Stigma isn’t limited to lung cancer patients, of course. Our culture’s tendency to frame certain illnesses as character defects, as opposed to complex phenomena with genetic and psychosocial components, is widespread and carries serious consequences. The group that suffers most is the obese, a classification that applies to nearly 40 percent of American adults. Research shows that obese patients are more likely to be considered lazy or undisciplined by health-care providers; they are also viewed as more likely to disregard treatment recommendations and insufficiently committed to their health. These attitudes erode patient-doctor communication, and physicians tend to spend less time with patients who are obese. This means these patients have more limited interactions with the health-care system and miss many opportunities. For instance, data shows that morbidly obese women are often under-screened for cervical and colorectal cancer.

Those dealing with addiction and hepatitis C, a blood-borne virus often transmitted through sharing needles or other equipment to inject drugs, face a similar stigma. A high percentage of health-care professionals exhibit negative attitudes toward patients with substance use disorders, perceiving them as morally deficient or lacking self-control, and leading to reduced access to care. Some hepatitis C patients, fearing biased providers, avoid medical care altogether, leaving the latest curative treatments on the table. When I worked in a primary-care setting, a patient asked me to remove his hepatitis C diagnosis from my clinic note. “If someone sees that, they’re going to treat me differently,” he said. “You all can’t help it.”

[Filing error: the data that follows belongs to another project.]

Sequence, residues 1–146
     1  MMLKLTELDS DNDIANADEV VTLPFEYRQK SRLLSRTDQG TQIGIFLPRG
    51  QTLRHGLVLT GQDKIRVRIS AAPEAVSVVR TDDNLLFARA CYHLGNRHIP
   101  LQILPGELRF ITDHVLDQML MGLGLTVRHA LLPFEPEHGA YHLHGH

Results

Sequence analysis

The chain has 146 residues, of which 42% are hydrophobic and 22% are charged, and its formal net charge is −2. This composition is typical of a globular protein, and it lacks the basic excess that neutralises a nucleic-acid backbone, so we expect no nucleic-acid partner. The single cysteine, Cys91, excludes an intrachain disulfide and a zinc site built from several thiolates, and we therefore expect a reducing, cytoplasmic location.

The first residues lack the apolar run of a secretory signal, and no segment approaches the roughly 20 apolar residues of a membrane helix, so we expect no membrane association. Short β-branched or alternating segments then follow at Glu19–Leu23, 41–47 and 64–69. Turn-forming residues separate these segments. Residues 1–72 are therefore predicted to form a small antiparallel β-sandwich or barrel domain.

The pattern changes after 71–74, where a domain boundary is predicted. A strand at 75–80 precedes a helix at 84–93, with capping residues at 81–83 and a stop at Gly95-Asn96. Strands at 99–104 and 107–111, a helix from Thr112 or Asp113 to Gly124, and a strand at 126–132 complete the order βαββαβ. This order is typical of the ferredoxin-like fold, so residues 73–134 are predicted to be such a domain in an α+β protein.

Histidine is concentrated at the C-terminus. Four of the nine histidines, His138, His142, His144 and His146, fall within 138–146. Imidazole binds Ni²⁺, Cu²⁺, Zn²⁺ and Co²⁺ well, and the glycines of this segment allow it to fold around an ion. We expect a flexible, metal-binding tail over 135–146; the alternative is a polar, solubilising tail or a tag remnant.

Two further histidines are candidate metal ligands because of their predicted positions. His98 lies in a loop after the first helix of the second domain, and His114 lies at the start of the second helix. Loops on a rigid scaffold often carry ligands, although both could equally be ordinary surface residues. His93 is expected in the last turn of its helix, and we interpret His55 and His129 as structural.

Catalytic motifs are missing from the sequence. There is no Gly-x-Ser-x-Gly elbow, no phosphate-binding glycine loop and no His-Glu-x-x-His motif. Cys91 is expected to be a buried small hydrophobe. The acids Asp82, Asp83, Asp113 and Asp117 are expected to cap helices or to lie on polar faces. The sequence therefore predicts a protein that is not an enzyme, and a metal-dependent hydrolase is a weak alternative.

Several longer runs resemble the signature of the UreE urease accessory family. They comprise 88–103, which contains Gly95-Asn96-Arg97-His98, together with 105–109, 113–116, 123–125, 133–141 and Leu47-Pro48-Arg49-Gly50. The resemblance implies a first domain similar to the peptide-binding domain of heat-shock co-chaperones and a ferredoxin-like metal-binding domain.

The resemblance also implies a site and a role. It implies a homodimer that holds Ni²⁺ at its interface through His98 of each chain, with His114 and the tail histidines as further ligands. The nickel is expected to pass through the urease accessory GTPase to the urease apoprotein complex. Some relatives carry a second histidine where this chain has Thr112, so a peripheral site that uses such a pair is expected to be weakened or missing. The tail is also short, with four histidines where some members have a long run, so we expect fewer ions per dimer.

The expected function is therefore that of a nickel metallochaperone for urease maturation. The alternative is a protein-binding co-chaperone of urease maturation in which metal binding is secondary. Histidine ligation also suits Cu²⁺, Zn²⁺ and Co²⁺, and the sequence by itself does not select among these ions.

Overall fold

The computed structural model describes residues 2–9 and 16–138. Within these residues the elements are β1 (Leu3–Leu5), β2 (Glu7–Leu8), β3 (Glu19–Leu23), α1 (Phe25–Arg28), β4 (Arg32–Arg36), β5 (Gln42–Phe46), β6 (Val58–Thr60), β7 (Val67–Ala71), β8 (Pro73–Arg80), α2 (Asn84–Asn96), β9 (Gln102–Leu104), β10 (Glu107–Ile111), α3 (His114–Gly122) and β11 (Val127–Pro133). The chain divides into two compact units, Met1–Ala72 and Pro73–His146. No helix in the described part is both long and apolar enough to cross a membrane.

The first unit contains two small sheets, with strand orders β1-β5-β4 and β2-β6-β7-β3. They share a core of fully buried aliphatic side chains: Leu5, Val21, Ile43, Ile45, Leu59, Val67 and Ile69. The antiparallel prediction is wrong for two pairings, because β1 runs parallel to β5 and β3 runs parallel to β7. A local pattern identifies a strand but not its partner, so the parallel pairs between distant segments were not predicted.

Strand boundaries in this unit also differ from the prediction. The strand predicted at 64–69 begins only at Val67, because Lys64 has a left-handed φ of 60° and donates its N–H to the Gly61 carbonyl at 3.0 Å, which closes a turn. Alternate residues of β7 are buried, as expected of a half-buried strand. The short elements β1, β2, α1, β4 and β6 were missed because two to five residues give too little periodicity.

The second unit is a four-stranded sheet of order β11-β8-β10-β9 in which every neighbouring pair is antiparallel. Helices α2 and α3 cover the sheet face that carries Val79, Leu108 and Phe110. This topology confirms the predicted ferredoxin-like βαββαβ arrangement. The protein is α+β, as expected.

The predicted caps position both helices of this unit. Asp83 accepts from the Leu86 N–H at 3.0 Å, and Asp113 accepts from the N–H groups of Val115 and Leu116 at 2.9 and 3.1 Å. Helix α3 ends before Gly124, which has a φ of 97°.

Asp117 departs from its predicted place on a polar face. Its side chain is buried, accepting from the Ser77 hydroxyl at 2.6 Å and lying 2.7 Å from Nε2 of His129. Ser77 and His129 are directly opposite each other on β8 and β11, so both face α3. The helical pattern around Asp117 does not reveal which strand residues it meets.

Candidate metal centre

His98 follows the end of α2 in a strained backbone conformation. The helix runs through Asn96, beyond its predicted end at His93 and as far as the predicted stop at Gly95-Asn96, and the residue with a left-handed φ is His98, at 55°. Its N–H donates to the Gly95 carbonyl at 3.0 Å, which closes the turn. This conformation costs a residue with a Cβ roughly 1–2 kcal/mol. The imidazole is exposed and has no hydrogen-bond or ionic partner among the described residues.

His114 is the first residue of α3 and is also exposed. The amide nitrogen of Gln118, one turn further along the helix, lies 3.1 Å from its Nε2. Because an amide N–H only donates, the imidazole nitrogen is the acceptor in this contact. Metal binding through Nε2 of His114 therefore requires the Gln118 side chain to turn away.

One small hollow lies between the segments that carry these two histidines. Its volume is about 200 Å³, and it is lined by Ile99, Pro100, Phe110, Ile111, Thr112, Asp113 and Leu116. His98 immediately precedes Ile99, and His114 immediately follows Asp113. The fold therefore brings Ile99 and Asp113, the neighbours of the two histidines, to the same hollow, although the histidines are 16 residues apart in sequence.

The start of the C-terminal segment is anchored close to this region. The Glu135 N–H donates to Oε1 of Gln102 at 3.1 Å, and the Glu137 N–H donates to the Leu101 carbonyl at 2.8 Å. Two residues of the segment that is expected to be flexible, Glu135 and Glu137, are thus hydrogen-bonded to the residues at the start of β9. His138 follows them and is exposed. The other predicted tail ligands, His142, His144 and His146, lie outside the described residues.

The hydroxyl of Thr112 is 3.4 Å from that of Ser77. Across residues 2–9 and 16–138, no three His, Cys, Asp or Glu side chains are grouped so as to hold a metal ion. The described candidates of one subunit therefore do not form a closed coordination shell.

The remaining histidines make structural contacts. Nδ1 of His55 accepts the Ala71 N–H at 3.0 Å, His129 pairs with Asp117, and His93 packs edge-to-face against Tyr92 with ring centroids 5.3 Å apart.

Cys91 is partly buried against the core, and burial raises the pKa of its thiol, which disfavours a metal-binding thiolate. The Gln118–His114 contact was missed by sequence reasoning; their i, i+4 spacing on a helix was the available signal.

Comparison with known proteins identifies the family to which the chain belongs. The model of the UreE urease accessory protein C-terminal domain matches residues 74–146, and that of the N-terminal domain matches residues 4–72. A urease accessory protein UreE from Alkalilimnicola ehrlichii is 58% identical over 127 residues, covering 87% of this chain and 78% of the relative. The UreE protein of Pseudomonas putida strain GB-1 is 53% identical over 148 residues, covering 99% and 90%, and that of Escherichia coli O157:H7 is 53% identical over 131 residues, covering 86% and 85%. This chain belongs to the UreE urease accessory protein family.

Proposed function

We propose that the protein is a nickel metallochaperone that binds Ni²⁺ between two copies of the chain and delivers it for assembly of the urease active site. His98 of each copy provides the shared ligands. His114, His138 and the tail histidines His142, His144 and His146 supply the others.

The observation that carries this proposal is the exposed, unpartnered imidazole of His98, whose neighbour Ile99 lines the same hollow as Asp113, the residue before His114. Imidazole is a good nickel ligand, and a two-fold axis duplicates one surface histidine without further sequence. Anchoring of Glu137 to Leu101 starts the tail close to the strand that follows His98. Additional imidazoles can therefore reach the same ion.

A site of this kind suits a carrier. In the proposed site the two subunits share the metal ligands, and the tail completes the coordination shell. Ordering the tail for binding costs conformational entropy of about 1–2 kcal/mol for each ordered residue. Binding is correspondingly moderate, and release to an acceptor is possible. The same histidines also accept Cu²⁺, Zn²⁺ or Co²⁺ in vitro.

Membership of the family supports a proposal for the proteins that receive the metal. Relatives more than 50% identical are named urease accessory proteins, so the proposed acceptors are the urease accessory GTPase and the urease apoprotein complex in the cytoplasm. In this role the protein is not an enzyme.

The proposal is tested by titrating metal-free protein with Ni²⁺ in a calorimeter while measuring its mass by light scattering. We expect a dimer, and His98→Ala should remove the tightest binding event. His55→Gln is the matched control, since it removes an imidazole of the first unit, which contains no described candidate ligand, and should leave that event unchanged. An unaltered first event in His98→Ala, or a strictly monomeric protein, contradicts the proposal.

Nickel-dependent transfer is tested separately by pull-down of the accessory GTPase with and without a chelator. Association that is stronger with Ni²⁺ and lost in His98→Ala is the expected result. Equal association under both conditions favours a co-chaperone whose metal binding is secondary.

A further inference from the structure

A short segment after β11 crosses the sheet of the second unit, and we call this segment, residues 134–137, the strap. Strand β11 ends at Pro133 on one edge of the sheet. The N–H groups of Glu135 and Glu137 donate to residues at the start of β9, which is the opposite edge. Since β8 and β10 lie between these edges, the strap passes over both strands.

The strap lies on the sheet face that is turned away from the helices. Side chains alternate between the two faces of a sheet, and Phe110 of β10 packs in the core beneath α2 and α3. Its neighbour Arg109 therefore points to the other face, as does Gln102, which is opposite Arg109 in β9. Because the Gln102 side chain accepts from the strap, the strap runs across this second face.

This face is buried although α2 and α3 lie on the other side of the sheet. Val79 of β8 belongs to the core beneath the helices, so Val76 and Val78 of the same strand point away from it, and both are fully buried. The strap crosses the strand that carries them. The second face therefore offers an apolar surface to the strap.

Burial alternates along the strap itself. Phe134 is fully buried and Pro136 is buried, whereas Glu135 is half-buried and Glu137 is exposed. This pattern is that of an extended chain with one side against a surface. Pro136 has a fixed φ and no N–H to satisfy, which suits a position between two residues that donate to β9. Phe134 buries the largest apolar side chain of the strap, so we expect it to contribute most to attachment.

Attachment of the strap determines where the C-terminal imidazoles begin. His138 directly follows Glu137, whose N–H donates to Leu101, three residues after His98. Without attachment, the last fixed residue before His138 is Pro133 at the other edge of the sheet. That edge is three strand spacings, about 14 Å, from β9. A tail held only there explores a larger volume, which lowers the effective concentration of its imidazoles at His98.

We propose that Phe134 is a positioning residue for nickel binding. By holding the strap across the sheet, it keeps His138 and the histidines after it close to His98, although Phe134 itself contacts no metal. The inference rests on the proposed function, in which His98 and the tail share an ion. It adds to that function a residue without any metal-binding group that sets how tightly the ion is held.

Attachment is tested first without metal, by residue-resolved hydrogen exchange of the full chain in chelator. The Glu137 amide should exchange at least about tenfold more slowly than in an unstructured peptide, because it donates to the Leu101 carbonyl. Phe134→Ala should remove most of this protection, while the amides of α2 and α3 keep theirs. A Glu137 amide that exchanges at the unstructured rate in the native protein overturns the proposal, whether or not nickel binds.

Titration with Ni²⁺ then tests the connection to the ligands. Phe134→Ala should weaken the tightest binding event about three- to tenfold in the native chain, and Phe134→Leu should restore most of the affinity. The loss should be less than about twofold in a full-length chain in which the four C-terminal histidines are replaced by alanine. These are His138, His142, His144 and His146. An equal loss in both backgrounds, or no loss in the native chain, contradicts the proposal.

Why are doctors and nurses so judgy? In part, our culture of blame is an extension of American culture, which tends to hold the sick and impoverished personally responsible for their situations. We don’t feel comfortable invoking social structures, environments or even luck as powerful drivers of our fates. Physicians are also expected to be high-performing and deeply self-critical. This can easily spill over into our interactions with patients.

In my practice, I see how the culture of blame has altered the care that pulmonary patients receive. One lung cancer patient asked me if I felt less invested in his trajectory “because I smoked my way into this.” His fears were understandable. One important study reveals that nearly half of lung cancer patients at an outpatient clinic perceived negative judgment from at least one of their health-care providers. This type of stigma has been linked to decreased engagement with the health-care system, which can cause delays in treatment.

Though the human instinct is to draw straight lines, the relationship between behavior and disease is far more complex. First, though cigarette smokers are up to 30 times more likely to develop lung cancer, 15 to 20 percent of people diagnosed with the disease have never smoked. There are tremendous health risks associated with tobacco — including higher rates of emphysema, strokes and heart attacks — but the majority of smokers do not develop lung cancer . A number of genetic and environmental factors can increase one’s risk, irrespective of tobacco use.

Second, tobacco companies promoted their products for decades through glamorous marketing and military distribution schemes. Once the damaging health effects of smoking became widely known, millions attempted to stop — and most couldn’t. Without pharmaceuticals or a formal program, only 5 percent of smokers who try to quit can do so successfully.

Those who do give up tobacco tend to be wealthier, with stronger social networks and fewer life stressors. The poor and precarious struggle the most to quit. Many continue to smoke not because of a willful disregard for their health but because nicotine is a way of coping with depression or economic insecurity.

There is no doubt that health-care providers need to ask about their patients’ daily habits and identify risky behaviors. We need to aggressively promote the healthiest behaviors, offer help in quitting harmful habits and encourage patients to take charge of their lives as best they can. But if our patients receive a cancer diagnosis, we need to care for them with a spirit of unconditional empathy and advocacy. Our patients are more than what they have ingested or inhaled.